Of the many action blockbusters released every summer, one of this year’s hits was The Expendables, directed by and starring Sylvester Stallone, and featuring cameo appearances by Bruce Willis and Arnold Schwarzenegger. The film tells the story of a bunch of ageing mercenaries, led by Barney Ross (Stallone), who are hired to free the imaginary South American country of Vilena from the yoke of evil dictator General Garza (David Zayas). Reluctant at first to carry out this assignment, Ross eventually decides to take it up out of concern for rebel leader Sandra, who has been kidnapped by Garza. The small group of “expendables” go to Vilena, quickly obliterate its national army in combat, and liberate the country. Everything ends happily.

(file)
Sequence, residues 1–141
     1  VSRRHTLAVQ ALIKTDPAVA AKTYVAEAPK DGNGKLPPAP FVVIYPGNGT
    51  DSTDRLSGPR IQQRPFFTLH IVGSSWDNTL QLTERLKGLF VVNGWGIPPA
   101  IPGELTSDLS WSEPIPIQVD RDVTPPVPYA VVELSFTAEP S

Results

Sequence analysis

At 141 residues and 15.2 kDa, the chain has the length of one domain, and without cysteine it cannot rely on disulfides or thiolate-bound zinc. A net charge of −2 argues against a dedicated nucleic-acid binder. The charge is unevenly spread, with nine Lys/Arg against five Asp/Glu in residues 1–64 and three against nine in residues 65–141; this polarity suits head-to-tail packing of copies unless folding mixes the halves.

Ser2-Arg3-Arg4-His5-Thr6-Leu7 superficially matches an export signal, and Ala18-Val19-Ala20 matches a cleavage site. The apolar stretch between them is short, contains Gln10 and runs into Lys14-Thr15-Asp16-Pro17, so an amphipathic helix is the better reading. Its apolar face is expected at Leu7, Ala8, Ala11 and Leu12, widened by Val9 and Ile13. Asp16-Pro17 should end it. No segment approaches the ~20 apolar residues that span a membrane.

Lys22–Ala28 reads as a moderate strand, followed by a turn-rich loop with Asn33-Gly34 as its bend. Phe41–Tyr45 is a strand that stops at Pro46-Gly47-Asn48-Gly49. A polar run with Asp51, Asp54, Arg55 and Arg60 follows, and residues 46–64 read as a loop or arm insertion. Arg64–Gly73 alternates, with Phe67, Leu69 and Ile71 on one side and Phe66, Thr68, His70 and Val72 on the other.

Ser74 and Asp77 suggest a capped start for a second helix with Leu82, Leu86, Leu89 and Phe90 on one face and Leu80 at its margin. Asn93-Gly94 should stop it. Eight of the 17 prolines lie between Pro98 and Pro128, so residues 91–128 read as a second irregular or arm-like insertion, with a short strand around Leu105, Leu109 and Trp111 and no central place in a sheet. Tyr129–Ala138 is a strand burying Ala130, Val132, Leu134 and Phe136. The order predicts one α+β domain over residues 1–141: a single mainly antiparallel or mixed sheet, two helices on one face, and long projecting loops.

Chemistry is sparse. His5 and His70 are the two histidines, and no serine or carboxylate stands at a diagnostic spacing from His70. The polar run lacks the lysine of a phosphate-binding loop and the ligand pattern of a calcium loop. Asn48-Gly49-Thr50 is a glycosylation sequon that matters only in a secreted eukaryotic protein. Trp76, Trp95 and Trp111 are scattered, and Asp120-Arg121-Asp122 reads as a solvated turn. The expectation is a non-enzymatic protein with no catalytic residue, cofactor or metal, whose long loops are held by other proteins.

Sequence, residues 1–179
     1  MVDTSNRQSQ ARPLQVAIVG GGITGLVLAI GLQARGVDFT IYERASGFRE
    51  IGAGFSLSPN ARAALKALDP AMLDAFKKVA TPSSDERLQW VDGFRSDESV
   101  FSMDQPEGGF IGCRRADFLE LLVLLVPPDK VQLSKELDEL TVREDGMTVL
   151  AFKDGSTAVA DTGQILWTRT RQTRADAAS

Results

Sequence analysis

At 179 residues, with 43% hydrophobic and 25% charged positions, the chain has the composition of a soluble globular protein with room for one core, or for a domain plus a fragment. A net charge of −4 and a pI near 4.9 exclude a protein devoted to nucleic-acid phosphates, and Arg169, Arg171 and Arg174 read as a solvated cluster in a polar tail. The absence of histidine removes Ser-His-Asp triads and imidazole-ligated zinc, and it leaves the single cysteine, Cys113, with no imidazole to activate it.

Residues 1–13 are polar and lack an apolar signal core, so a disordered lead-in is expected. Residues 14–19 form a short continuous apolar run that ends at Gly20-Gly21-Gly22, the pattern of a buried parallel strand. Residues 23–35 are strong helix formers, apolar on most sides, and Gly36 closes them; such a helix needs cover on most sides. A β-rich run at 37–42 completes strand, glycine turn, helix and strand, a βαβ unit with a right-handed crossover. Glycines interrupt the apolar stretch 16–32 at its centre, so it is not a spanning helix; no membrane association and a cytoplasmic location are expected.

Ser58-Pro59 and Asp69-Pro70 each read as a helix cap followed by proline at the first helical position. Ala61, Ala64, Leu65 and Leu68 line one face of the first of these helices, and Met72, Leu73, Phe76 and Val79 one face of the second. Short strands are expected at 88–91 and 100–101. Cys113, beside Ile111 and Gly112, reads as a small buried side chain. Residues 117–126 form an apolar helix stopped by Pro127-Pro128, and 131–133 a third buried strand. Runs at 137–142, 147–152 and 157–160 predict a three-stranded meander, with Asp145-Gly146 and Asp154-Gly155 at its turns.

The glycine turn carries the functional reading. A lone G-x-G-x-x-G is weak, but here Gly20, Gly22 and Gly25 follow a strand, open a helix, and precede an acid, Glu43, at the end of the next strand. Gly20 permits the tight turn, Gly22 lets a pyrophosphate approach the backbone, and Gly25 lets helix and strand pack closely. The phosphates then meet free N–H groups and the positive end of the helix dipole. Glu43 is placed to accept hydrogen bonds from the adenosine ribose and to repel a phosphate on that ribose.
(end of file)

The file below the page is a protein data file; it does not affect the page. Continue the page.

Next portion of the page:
Predictably, as is often the case with this kind of film, The Expendables was received with a mostly negative critical response but performed strongly in the box office across the world (the film had grossed over 250 million dollars by the end of September). As most reviewers and critics noted, it represents a nostalgic return to the 1980s action film, along the lines of Commando, Predator, Rambo (II and III), and Die Hard. This subgenre, characterised by the presence of a lonely, muscular male hero who puts things right by killing the bad guys with an assorted variety of weapons, came to be regarded as the cinematic expression of the conservative political ideology prevalent in Hollywood during the Reagan era. The films are mostly Manichean, patriarchal, chauvinistic, and xenophobic. The Expendables is clearly inscribed within this tradition of action film: a group of bodybuilder-type heroes, violent but righteous, fight against evil Somali pirates and South American drug-trafficking warlords. The only two female characters in the film are there solely to be rescued by the men, and the representation of South American characters is limited to the most obvious stereotypes (General Garza cannot even speak Spanish – his mother tongue – properly).